…but when I do, I look at the finding aids first. (Ah, topical humor.)
A finding aid, for the blissfully uninitiated, is the document that details what the scope and contents of an archival collection are and assists researchers in determining if the listed materials will be of any use to their work. It’s a snapshot of the collection, so to speak, mixed with equal parts summary, backstory, and any “restrictions on use of or access to the
materials” (thank you, Wikipedia). The finding aid is typically a paper or electronic document (on the Online Archive of California you have choice between PDF and HTML), but the information contained within it can be translated into a machine-readable format called Encoded Archival Description (EAD, for short). There’d be a lot of technical jargon about XML and DACS and such if we kept on about EAD, so let’s just stick to the finding aid, eh?
You might be thinking “Hey Mikael, I sure would like to hear more about what exactly you might find in, well, a finding aid,” to which I would respond, “Simmer down, we’re getting to that.” Even though the Joseph W. Clokey Papers aren’t yet fully processed, working on the finding aid along with it gives me the opportunity to include vital information about the collection as I go, instead of trying to remember it all at the end. The kinds of headings included are things like the date range of the materials, the types of records you’ll find in the collection, and source of acquisition (this collection was, on paper at least, a gift from Joseph Clokey’s son, Art). The finding aid also contains an outline of how the collection is organized. Typically, a small collection need only list a handful of series, but if you’re me and you’re arranging the Clokey Papers, you end up with not just several series of folders, but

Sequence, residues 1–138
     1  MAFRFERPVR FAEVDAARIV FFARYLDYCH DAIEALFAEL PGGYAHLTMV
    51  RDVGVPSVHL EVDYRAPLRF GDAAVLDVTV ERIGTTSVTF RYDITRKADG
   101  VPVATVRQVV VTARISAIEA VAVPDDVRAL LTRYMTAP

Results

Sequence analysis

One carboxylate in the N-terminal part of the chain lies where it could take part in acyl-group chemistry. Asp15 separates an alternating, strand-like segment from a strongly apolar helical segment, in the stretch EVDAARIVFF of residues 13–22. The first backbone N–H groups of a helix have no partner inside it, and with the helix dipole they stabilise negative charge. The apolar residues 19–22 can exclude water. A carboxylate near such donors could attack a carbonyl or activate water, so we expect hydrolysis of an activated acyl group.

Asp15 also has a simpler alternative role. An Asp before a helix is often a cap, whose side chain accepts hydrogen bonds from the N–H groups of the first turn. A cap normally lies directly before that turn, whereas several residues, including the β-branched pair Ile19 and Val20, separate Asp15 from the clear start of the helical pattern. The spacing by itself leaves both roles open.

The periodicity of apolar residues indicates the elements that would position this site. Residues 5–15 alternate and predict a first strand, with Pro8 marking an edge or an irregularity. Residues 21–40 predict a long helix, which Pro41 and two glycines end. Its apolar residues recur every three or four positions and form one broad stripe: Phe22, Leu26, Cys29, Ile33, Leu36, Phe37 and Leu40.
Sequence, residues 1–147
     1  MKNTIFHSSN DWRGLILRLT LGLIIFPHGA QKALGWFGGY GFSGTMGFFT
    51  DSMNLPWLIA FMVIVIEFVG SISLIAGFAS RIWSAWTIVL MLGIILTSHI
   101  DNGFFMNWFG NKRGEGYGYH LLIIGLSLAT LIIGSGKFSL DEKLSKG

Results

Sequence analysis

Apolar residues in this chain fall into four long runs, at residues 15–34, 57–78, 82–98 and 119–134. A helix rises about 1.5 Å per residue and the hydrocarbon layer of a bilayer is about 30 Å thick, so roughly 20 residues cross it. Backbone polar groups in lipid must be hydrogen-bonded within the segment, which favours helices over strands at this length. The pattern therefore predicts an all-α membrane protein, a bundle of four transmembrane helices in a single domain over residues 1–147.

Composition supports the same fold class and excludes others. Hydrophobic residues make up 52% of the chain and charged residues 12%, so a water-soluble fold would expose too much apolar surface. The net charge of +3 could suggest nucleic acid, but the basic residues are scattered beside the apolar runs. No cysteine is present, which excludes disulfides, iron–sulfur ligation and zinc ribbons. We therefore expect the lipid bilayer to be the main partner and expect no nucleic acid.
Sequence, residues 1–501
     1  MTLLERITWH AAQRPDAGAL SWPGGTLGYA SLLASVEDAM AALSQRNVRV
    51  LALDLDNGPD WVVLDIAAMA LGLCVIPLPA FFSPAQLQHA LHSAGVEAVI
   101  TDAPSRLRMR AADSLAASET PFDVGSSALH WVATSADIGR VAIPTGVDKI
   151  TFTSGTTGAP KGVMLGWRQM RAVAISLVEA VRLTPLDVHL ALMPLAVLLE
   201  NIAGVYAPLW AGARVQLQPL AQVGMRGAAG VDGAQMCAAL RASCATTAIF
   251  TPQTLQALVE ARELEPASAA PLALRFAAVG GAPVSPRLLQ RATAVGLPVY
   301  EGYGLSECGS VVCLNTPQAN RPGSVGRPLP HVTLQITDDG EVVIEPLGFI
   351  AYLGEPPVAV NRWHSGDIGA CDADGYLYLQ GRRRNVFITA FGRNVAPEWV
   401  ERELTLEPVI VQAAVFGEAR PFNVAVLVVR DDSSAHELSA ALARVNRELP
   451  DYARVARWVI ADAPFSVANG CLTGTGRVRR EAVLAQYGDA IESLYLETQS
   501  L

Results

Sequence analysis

subseries and subsubseries below them (yes, that’s actually a word, apparently).
While I don’t have anything to show you this week that is strictly out of the box (hyuck!), here’s a sneak peak from my finding-aid-in-progress. This right here is the current, though perhaps not final, version of my scope and content note:
The Joseph Clokey papers contain newsclippings, personal notes, concert programs, correspondence, teaching materials, writings, a copy of his book In Every Corner Sing, and music in various stages of completion, from early sketches to publication. Clokey’s musical compositions include instrumental chamber music, suites, symphonies, organ music, sacred choral and dramatic music, secular choral music, operas, operettas, and songs as well as arrangements of other works. The collection also includes sacred choral and organ music by other composers, bound together by Clokey for liturgical use, and world music he collected during his travels.
I assure you, the materials themselves are much more interesting than my writing about them…!